This suggested that Iran was maintaining a strong relationship with al-Qaeda. The suggestion by some, and in particular by those who oppose the listing and proscription of al-Qaeda in the United Nations, that there is no link between al-Qaeda and Hezbollah is simply false. If they wish to debate Mr Gunaratna, one of the most important, significant and acknowledged experts on this topic alive today, they should set out a case—and they have failed to do so.

But we here in Australia are not going to wait for the United Nations to determine whether or not Hezbollah is really an international terrorist group or is really linked to al-Qaeda, as stated by some who have inside knowledge and, indeed, superior knowledge about these matters. We are acting, and it is therefore important to determine the basis on which we are acting. As an action against Hezbollah, clearly the ad hoc bill, the Hizballah bill, should be passed. It is gratifying to hear that our opponents support this part of the legislative package.

Let me now turn to the question of general principle. The member for Barton said that there are two reasons why the second bill, the Criminal Code Amendment (Hizballah) Bill 2003, should be opposed on general grounds: firstly, because it does not contain proper procedures; and, secondly, because there is a query about its constitutionality. Let me briefly address both of these issues. I suggest that the opposition is fudging the debate on this question and avoiding the real question of principle—whether or not the link between the UN proscription procedure and the Australian antiterrorist organisations legislation should be severed in the way that this bill proposes and that I support.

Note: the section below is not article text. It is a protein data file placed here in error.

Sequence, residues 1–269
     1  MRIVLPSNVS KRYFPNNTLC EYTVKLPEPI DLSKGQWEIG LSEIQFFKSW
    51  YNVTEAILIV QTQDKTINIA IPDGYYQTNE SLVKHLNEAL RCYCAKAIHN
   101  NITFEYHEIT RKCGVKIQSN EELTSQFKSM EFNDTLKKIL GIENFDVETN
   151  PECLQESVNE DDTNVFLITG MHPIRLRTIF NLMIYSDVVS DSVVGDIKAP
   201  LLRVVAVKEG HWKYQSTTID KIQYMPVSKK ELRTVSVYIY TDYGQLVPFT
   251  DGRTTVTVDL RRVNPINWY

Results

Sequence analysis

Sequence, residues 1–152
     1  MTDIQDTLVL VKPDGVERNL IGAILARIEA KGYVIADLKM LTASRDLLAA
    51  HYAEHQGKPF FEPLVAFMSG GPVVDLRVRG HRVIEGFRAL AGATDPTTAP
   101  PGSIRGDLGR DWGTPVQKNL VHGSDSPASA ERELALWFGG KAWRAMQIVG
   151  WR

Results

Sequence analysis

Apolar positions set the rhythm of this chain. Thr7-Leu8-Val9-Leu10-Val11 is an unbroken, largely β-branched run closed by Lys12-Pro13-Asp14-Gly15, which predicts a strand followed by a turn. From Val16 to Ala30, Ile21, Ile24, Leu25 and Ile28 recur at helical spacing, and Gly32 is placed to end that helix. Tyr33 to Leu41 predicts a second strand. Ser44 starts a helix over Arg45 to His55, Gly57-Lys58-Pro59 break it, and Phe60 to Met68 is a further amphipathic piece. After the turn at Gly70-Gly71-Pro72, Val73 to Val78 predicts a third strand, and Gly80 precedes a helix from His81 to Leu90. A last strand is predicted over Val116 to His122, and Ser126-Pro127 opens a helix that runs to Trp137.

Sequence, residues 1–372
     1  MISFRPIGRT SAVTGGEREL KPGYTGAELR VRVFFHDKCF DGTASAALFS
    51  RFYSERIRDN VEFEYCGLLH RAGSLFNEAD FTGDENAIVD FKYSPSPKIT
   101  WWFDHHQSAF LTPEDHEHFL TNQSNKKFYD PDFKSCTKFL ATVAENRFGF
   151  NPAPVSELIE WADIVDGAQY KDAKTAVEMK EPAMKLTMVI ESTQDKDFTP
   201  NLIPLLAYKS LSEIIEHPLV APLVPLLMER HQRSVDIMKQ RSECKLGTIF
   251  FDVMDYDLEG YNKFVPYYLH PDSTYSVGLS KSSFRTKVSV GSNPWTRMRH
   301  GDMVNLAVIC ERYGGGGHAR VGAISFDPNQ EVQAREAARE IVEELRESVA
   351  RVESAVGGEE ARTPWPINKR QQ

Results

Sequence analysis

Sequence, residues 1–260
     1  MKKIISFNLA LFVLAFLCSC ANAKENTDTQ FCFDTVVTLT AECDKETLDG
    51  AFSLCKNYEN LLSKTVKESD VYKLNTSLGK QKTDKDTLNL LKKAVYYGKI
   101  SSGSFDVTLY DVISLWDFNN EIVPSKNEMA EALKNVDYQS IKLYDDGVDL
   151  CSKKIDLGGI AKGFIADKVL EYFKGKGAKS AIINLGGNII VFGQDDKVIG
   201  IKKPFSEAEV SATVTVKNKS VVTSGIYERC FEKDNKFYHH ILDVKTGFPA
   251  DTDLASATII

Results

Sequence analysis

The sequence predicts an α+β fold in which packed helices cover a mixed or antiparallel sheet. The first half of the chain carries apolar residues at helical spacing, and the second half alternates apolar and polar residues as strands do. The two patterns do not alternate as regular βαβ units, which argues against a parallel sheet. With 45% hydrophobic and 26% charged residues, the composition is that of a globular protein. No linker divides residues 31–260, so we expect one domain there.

It was suggested by the member for Barton that the fact that the Attorney-General is a decent and competent man was not good enough. It was not good enough to rely upon the fact that the proactive proscription under the terrorist organisations bill should be conducted by someone who had the respect of this parliament, the respect of the opposition and the respect of his own legal profession. It is suggested that there have to be safeguards because one day someone who does not have the same standards of competency and decency as the Attorney-General might hold the office. That is a mere doctrine of despair. When it is analysed, the Labor Party will be seen to be trying to invent an excuse to oppose this bill because they have locked themselves into the debate in the past by way of principle to appease the left wing of their party. The underlying principle is simply that the decision is reposed in the Attorney-General of the day who takes advice from the department, hedged around by the protections which underlie a competent bureaucratic service—which we do have. In addition, there are other procedures and safeguards which ensure that a decision will not be taken of an irrational or despotic kind.